This workload consists of a Linux client application and a Linux server application that execute on the same z/VM system and are connected by a guest LAN (QDIO simulation) or Virtual Switch (VSwitch). The client application is the Application Workload Modeler product (AWM), imitating a web browser. The Linux server application is a web server that serves static HTML files. Each AWM client application can have multiple connections to each server application. Consequently, the total number of connections is the product of these three numbers (servers, clients, client connections per server). For each connection, a URL is randomly selected. AWM uses the same random number seed for all client connections.
This workload can be used to create a number of unique measurement environments by varying the following items:
- number of server virtual machines
- number of client virtual machines
- number of client connections per server
- number of files
- size of the files
- location of the files
- size of the server virtual machine
- number of virtual processors for the client
- number of virtual processors for the server
Performance data for Apache workload measurements are collected from the start of the workload until the last AWM client has reported completion to the AWM client controller. In some measurements, characteristics during the steady-state period (all clients are active) are more suitable for explanations. When used, they will be specifically identified as steady-state values.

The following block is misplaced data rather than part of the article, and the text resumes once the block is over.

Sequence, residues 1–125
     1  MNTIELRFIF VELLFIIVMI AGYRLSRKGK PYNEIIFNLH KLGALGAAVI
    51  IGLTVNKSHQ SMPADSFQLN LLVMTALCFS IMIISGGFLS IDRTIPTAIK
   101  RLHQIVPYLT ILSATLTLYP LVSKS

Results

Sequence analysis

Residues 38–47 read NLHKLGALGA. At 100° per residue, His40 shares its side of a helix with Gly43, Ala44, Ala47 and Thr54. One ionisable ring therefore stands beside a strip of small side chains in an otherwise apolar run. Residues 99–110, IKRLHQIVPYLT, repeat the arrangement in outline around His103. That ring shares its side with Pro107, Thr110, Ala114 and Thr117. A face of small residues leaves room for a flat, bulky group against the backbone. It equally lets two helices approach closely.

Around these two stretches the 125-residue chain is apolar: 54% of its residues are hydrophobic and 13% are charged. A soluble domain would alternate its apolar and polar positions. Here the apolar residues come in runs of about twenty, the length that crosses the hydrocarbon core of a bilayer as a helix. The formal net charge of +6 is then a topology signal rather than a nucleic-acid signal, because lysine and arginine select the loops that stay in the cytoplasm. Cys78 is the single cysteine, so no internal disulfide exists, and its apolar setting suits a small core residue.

Here is a list of unique workload scenarios that have been created and measured:
- A non-constrained workload can be created by using a small number of small URL files.
- A Linux I/O workload scenario can be created by using a set of URL files that greatly exceeds the virtual storage size of the Linux server virtual machines.
- Preloading all the URL files into a large z/VM Minidisk Cache (MDC) creates a workload scenario with a lot of Linux I/O but without any real I/O. Depending on the scenario desired, MDC can be configured either to use only central, or only XSTORE, or a mix.
- A z/VM storage usage workload can be created by using a large set of URL files that all fit in the Linux page caches (sometimes aka file caches) of the server virtual machines.
- A z/VM expanded storage paging workload can be created using the previously described storage usage workload in a configuration that has a lot of expanded storage but doesn't have enough real storage to support the working set characteristics of the application.
- A z/VM mixed paging workload can be created using the previously described storage usage workload in a configuration that has a large DASD paging subsystem but doesn't have enough real storage and expanded storage to support the working set characteristics of the application.
- A z/VM DASD paging workload can be created using the previously described storage usage workload in a configuration that has a large DASD paging subsystem, no expanded storage, and doesn't have enough real storage to support the working set characteristics of the application.
- A z/VM Single System Image mode (SSI-mode) workload can be created by running up to four separate sets of client/server pairs. Within a set there can be multiple clients communicating with multiple servers. The four sets run independently of each other thus allowing the workload to be equally distributed across a 2-member or a 4-member SSI cluster. The four sets may also run in the same z/VM image. Apache SSI-mode requires the Linux guests to be connected by VSwitch.